Bigger is better. Don’t let anyone ever tell you otherwise. In my game’s case, I’m wondering if I want to have larger towns. Little cities, perhaps. The towns in the games always have little distractions, little things that might amuse you if you go looking for them. There are also little diversions, side quests and such. But for the most part the towns only have things that relate to the game, to furthering your mission toward the Elite Four. I want to change this. I want the towns bigger (not so big it’s a challenge walking through them), I want more NPCs milling about, and I want the buildings to be a slight bit truer to their real size. And I want them all to be enterable. Maybe some might be locked, because real people lock their damn doors. But I want ever single building to be a separate exploration. I want the game to have near infinite replayability.

Mods. I’m not really sure about this one. I don’t even know what people would want to mod in. Their own Pokemon? I don’t know. I feel like this could open Pandora’s Box and allow for abuse of the game. I’m just throwing it in here because it is definitely an idea.

The story mode never lasts long enough. Crystal did a decent job of this, by tacking on the original Kanto region after you’ve played through the first half of the game. But did anyone else catch that there wasn’t as much effort put into the second half of the game? The objectives weren’t as complex and there wasn’t as much to do. It felt sparse. I want a single storyline that’s just as long as Crystal. Something that will take players a while to get through, but not so long that they feel the end isn’t in sight. I don’t know how I will make this happen, as I have not even given a single thought toward the story. But I’m hopeful the end result will match what I want.

I want the NPCs to be a bit more complicated. I mentioned that in my NPC two part post a few days ago. I want them to have branching conversation, and be able to move across maps. I might implement a phone system, where you can call them up and get information or challenge them to new battles. The trainers will have Pokemon that level up as the game progresses, although I’m not sure how to handle that either. I keep thinking up new ways to make the NPCs better, and I’ll get into more detail in my next NPC post.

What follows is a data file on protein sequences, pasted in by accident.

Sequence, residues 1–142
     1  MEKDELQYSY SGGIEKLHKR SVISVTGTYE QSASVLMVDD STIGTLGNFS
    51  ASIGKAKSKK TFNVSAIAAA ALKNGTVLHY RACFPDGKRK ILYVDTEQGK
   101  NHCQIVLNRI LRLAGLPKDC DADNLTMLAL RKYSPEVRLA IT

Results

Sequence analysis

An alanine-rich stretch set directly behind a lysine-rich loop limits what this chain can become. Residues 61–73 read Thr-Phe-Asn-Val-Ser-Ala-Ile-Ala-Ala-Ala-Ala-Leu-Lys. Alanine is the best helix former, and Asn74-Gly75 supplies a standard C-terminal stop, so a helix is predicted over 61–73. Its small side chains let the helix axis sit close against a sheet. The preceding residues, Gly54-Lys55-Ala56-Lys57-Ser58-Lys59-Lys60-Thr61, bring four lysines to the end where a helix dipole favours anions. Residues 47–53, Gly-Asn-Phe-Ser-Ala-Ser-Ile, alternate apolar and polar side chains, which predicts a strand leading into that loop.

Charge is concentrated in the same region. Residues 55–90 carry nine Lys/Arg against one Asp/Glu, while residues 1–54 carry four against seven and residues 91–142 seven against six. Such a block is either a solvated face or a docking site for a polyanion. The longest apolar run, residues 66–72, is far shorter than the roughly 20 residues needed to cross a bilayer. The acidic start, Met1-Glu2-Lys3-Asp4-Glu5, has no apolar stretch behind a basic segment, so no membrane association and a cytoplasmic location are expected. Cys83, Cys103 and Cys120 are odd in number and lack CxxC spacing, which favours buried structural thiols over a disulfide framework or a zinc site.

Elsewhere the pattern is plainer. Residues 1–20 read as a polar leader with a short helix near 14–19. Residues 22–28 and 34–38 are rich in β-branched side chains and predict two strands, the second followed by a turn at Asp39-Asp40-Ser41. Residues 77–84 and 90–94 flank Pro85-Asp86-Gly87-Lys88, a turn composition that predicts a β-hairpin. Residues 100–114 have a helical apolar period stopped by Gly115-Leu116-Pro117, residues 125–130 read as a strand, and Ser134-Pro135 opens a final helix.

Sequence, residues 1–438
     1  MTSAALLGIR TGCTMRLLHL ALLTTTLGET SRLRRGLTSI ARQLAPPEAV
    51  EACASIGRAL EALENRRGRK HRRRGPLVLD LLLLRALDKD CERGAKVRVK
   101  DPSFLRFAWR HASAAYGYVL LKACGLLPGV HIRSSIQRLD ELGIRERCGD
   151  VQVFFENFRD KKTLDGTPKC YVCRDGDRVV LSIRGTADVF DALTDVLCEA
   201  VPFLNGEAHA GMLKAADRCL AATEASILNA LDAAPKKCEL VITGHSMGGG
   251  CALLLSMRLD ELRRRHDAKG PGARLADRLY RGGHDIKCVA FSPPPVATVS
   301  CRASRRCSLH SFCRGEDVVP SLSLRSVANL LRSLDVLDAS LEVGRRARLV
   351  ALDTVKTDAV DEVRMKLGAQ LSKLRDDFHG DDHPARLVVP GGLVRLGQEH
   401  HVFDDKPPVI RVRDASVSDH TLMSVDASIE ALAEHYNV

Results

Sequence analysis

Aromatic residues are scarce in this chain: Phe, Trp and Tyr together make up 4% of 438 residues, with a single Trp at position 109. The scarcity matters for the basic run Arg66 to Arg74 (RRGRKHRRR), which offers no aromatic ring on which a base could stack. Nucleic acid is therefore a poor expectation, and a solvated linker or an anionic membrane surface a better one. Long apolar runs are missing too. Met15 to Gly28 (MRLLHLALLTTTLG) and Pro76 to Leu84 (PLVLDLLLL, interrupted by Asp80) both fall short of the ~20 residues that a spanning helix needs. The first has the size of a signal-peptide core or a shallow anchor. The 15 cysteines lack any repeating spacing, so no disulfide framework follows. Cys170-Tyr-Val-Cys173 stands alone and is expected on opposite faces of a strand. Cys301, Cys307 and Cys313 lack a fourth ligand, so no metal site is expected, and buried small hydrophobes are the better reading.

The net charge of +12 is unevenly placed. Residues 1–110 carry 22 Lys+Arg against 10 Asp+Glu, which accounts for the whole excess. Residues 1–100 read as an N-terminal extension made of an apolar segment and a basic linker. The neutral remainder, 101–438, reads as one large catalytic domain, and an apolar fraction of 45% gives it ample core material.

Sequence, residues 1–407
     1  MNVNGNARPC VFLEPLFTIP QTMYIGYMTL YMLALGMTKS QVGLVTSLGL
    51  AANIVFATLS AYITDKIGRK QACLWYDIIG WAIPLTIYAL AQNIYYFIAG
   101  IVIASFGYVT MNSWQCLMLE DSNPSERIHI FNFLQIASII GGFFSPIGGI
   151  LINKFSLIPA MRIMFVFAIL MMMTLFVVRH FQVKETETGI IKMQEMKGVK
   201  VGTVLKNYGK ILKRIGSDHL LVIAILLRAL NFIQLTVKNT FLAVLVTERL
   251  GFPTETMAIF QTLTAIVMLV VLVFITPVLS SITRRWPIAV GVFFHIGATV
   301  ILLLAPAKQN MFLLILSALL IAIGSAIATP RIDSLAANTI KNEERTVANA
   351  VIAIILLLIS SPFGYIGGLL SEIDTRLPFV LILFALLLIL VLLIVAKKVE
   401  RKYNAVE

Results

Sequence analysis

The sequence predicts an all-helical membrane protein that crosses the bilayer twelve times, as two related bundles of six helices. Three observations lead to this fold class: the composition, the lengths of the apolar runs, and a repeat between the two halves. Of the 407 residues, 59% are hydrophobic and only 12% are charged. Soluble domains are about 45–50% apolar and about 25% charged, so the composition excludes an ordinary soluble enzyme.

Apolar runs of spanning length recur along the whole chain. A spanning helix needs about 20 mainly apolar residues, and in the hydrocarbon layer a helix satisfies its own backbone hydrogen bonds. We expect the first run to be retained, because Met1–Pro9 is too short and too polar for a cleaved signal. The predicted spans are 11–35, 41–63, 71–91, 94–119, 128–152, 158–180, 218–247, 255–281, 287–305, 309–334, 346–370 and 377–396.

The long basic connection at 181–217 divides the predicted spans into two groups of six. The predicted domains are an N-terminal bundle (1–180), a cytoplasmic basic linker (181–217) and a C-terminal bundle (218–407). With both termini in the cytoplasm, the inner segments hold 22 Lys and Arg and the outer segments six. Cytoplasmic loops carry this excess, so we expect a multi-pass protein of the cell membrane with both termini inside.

Lastly but not leastly: hats. Hats everywhere. Creative consultant Storm Surge has been very adamant about the hats. It started out as a joke, but will become a very observable part of the game. Just my attempt at adding a little childish humor. You can pick up hats or receive them as gifts, and store them. Then you can whip them out and wear them whenever you want! I promise there will be much more, but appropriately contained child humor in the game.

Well that’s that for now. Next up is transportation across the map. Until that gets posted, adios.

Fumbling around with the code

The blog looks slightly different now. I hope I made improvements, rather than the other way around. I’m still looking for more things to improve here.

My next post is written. As usual I will be drawing doodles to scan in and add. I just need to do that and then it can be posted.

The schedule

After I wrote my thoughts in my last post, I jotted down a few topics for future posts. I just wrote down another one, bringing the current queue to four future posts. I can’t see with certainty how quickly or by what schedule they’ll come, but I’ll get them all out in short order, hopefully within a week.

In order:

  • New innovation ideas that will set my version of Pokemon apart.
  • Getting somewhere - Handling doors and other transportation across the map.
  • Shallow pockets - Should I change the way items are stored?
  • NPC advanced - Time to figure out the complete NPC object.

So those are the next few posts. Complete will silly doodles.

Those pesky little Phiks Part two

Ah, welcome to part two of the exciting NPC series! In my last post I touched briefly upon some of the problems with my current NPC solution. My code is stringy, hacky, and just damned ugly. But I think I’ve come up with a better way of controlling them. At least most of the NPC aspects, anyway.

In a pinch, here’s the solution to my problems:

Of course you can click the picture to see it full sized. In simple words, here’s what I came up with. When you start a new game, all the Phiks will be read in from the default file into a single array. Of course if you are resuming a saved game they will already be in a file, serialized. After they’re loaded, the engine iterates through the array, and gathers the coordinates of every NPC, then inserts their index into the correct Tile object. There will be no more putting them in a separate array. Straight into the very fabric of the game for simplicity and ease of access.

When the map manager runs through the near tiles (the ones drawn onscreen and the one tile buffer in all directions which is drawn offscreen), it will pass on its list of NPCs to the NPC manager, which stores them in a list. This list represents the dynamic characters, that is the ones that should be animated. So instead of drawing everyone in the map (which could be hundreds), only the few that are nearby are drawn.

This also works well for letting NPCs cross map boundaries. I feel like I should let the little guys run free. If one of them wants to go to route 45 from route 44, who am I to say they can’t? As long as they follow the same rules as the player, and don’t try to zip through rocks or trees, I’ll let them travel. They just won’t be able to go into or out of buildings unless it’s part of a cut scene. For some of them, I’ll come up with a way to keep them still or follow a path. But for most they’ll be running free.

Well, I think that’s a good solution I came up with. Obviously, I haven’t dreamed up the most complete NPC organization here. I’m not good at planning, especially when it comes to code. I’m much better at being the kind of guy who just opens up his IDE, rolls up his sleeves, and gets to work. I’ll get better at planning, I hope, because it seems like the bulk of the NPC code will be better written if I have that image as a template.

I’m not quite sure what my next post will concern. I’ll get a mini-post up once I figure it out. Until then, adios.